Most certainly, Yes!

    The way things are folding up in the past one year or so, it looks like that we might hit a recession perhaps in 2018.

    The change in power in US has a lot to do with it along with China’s slowing economy. Last year was not good for them monetarily and this may create a bubble soon.

    Trump’s assuming power as POTUS and leader of the free world, tells us that the decisions he might take in the near future will make perfect sense for the world economies to crash.

    His recent announcement about putting 20% surcharge on Mexican imports if Mexico doesn’t pay for his stupid wall, brings a conflict in the region. We just have to see how will Mexico respond to it. I am sure Canada might feel a little insecured at this moment.

    If trump continues on his bad intentions of creating a wall, closing all agreements with Nafta and pulling out of NATO, will definitely create a hysteria and markets could tumbling down resultantly.

    Right now we don’t know what steps will his administration take in keeping the IT and scientific community in confidence so that businesses continue to flourish, if not, then it’s surely doomsday like situation. The multinationals will start leaving US slowly and setup their bases outside of US if they find that the talent they need in R&D and IT are not going to be available easily in US.

    The current situation with the two major players US and China are surely hinting towards another Great Recession. Let’s hope it doesn’t end up like that and good sense prevails in the leaders of the both country.

    As an Indian and somebody working on a visa in US, I am content because even if we have to leave US due to visa issues(as Visas and issuing Green Cards could become an issue in the near future like the way trump has flip-flopped recently on the H-1B issue) then India is a booming economy and fingers crossed there should not be any problem in finding jobs there. But if Recession comes then it will impact all the countries and will impact us as well.

    Here is a great article that states clearly the reasons why we may be already in recession or it’s just round the corner. [1]


    Am I about to fall off this cliff I have climbed ?


    Trump has inherited a “legacy” economy that has been cooking up problems since 1971 – when Nixon took the US Dollar off the tenuous, but still visible, gold standard. Since then the number of fiat dollars has increased rapidly: this is known technically as “inflation of the money supply” – or, more shortly, “inflation.” It leads to price increases, but these are an effect, not the cause. Many people do not understand this, which is tough for them, and for the economy. Amongst the people who do not understand this are most politicians, and most journalshits -(sorry, typo, but I think in this case I should let it stand !) Most economists understand this, but many dishonest ones keep very quiet about it.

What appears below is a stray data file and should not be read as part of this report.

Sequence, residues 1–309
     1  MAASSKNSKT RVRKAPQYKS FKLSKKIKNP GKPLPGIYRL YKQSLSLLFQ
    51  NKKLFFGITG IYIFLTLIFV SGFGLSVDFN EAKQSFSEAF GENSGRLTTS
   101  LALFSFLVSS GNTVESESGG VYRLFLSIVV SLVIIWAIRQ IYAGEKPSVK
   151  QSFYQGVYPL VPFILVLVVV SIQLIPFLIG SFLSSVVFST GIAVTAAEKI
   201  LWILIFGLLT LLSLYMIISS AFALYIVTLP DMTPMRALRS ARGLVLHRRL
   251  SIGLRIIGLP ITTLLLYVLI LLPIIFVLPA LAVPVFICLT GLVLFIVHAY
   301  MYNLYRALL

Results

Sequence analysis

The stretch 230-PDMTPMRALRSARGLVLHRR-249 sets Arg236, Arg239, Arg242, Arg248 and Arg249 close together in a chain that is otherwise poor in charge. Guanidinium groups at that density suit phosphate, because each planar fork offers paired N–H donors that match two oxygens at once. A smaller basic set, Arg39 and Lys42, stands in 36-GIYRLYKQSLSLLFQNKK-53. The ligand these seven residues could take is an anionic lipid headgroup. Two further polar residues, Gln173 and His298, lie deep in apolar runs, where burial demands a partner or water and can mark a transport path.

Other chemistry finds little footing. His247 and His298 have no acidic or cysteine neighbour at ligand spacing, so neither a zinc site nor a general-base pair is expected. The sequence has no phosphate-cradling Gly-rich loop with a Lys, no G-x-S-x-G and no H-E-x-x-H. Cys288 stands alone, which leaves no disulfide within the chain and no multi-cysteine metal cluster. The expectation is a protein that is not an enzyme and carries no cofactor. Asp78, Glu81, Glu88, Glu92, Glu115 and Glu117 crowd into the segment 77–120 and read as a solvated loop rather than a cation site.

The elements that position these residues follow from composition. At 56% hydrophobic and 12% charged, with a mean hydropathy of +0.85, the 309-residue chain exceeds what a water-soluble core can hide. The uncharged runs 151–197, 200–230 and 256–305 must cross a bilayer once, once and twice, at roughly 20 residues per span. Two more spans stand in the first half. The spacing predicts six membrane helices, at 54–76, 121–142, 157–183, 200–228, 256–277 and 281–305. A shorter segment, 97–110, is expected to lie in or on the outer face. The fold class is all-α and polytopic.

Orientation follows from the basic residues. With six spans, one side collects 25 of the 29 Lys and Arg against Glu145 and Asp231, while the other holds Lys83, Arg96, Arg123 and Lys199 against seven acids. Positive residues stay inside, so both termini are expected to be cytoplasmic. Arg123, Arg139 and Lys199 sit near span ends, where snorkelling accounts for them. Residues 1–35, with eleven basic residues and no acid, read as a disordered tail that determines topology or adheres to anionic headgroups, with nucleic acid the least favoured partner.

Because this inflation (otms) has been continued unchecked for (2017 – 1971 = 46 years) – a long time, the resulting correction will probably be a whopper, too. After all, the depression of the thirties had only had about eight years to build up – this one has been a’brewing for more than five times as long: and the clowns now in charge of US monetary policy at the Fed have zilch demonstrable skills or understanding of the issues involved, so look not there for “expert” advice to save us. This is the economic equivalent of iatrogenic disease.

    Are we about to start a new Great Depression ? Depends on what you mean by “Great.” If you mean “involving huge sums of money, enormous debts, lots of zeroes on the end of bounced checks, hitherto unheard of bad news, then, yes, all this is inevitable.

    If, as an additional pain, you mean “of Great duration, lasting for a decade or more, possibly providing the seedbed for a new world wide war,” then this is avoidable, at least in theory. But you would need to avoid the fascist policies of FDR, and look to the depression of 1921, which was short and sharp, without the government stepping in to “do something” – and the market corrected in eighteen months (I think it was; my memory is not so good, these days.) Trump might have the balls to do it, but the opposition from the deep state, the MSM and the MIC would probably prevent this. I will not take a bet on Trump being dead before four years have passed, but I would be surprised if anyone is offering good odds.